During an early rehearsal with Juilliard students in late January, Ogan was teaching the two men performing Cunningham’s original role a passage marked by fleet, space-devouring jumps and fast, precise footwork. The dancers worked in silence. They would not hear the Morton Feldman score, Ogan explained later, until technical rehearsals, shortly before the performances. One of Cunningham’s many innovations was creating his dances independently from the scores that accompanied them. “What they’re doing has nothing to do with the music. We always rehearsed in silence,” Ogan said, noting that the dancers rely on the choreography’s inner rhythms and on cues from each other.
Even at this early stage of the process, Ogan sounded impressed. “It is a highly technical piece, and the dancers here are just phenomenally trained, and have enormous capability. So I knew that they would be able to do it well. Being off-balance in the transfer of their weight is something new for them, too. They were excited for a new challenge, a new way of thinking.”
The same year that Summerspace premiered at the American Dance Festival, Jerome Robbins launched Ballets: USA, a troupe of youthful, versatile dancers who toured Europe with bracing new works that exemplified American verve and contemporary sensibilities. In N.Y. Export: Opus Jazz, Robbins also used an original score—a tense, punchy, jazz-flavored one by Robert Prince—and had a distinguished visual artist, Ben Shahn, designing his sets. But otherwise, these two contemporaneous dances are worlds apart.
Fresh from the triumph of West Side Story, Robbins had his finger on the pulse of the period’s restless, territorial, alienated youth. While Opus Jazz—which has a cast of 16—is an abstract work, it pulsates with the contemporary tension and edgy social encounters that mark the West Side Story dances.
“I always think of this as being Jerry’s concert version of West Side,” said Gary Chryst, who is staging the ballet for Juilliard, during a post-rehearsal interview. After a stellar career with the Joffrey Ballet—where he danced in Opus Jazz as well as Robbins’s Interplay and Moves—Chryst had an active, varied freelance career and performed on Broadway in Guys and Dolls and A Chorus Line. He remarked on how the ballet reflects its era. “The coolness, and being exact in your movement, being very clear, without it being forced. One thing Jerry said was, ‘It’s not a jazz ballet. Don’t dance it like you’re dancing a jazz ballet.’ Because it really was a contemporary theme, presented in abstract movement of that time.”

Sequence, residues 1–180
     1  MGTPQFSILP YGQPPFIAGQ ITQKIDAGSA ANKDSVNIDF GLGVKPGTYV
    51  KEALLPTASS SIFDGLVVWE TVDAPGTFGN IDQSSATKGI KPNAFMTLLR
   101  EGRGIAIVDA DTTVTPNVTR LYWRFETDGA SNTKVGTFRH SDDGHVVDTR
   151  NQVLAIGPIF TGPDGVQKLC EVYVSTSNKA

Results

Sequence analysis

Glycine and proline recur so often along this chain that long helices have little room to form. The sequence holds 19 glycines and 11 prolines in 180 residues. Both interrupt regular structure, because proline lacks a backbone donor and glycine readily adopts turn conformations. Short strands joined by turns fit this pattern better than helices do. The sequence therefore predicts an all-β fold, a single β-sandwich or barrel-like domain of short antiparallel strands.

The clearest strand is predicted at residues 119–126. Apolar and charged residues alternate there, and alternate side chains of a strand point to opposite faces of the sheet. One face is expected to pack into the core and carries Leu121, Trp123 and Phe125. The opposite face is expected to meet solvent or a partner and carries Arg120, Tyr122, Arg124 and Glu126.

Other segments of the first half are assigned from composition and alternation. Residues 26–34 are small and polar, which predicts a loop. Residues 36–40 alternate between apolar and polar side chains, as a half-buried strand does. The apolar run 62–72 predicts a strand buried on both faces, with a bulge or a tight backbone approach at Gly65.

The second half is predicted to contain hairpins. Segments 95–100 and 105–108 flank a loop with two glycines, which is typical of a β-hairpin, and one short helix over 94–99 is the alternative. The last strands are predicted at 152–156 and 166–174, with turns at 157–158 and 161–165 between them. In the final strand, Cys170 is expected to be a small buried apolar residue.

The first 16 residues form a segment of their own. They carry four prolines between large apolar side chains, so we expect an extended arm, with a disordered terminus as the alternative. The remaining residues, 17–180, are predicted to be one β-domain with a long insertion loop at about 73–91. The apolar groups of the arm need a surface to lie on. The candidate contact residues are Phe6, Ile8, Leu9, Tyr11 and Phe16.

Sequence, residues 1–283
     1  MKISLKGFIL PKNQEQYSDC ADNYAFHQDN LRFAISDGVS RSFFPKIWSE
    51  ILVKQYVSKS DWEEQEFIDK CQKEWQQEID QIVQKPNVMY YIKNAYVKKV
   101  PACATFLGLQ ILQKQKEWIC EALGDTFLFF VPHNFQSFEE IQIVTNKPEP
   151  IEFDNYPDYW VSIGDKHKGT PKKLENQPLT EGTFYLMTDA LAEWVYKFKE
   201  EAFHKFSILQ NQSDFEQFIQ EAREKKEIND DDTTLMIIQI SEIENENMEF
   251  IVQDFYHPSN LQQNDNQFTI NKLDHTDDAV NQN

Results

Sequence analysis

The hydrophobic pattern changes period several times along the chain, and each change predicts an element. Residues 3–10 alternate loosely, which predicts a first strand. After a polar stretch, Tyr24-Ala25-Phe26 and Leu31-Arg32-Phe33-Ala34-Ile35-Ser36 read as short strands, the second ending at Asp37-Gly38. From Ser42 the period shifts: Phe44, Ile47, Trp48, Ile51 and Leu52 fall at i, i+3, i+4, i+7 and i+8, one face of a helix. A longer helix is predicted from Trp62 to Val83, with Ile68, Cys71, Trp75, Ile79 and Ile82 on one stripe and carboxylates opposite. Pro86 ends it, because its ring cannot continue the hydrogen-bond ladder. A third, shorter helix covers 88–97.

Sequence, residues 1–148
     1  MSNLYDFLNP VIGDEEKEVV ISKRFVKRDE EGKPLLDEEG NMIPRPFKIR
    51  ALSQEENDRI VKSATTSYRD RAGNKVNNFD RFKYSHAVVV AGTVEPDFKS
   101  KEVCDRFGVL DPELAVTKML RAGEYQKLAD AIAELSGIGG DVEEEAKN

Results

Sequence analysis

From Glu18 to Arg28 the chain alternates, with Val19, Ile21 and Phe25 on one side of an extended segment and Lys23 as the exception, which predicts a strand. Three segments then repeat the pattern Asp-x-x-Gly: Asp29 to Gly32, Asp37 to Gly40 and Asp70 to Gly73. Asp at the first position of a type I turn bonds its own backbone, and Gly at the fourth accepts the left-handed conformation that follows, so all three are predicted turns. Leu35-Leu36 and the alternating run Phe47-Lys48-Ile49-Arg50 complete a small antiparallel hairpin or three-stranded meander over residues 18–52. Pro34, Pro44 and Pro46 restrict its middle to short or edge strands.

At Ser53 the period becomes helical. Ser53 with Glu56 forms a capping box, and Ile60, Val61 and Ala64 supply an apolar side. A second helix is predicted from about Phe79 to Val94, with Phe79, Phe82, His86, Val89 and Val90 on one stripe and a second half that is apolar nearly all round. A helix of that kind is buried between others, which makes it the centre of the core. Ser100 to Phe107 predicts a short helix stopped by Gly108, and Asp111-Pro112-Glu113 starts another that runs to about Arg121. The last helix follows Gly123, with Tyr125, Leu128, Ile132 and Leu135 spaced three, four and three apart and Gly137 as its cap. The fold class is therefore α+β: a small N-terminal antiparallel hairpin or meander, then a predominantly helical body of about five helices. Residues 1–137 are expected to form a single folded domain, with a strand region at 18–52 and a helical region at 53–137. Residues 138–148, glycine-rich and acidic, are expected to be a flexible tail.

Shortly before the interview, Chryst had been in the midst of five male dancers, urging them along—and grinning happily when they “got it”—as they absorbed the aggressive flavor of the second section, set to driving percussion. The dance he first performed 35 years ago was clearly still in his muscle memory. The Joffrey dancers had learned it from Wilma Curley, an original cast member of Opus Jazz, just as Ogan’s generation of Cunningham dancers worked closely with Carolyn Brown, also an original cast member when Summerspace was revived for the company in 1999. Brown, the artistic advisor for the Juilliard staging, will be coaching the dancers shortly before the performances.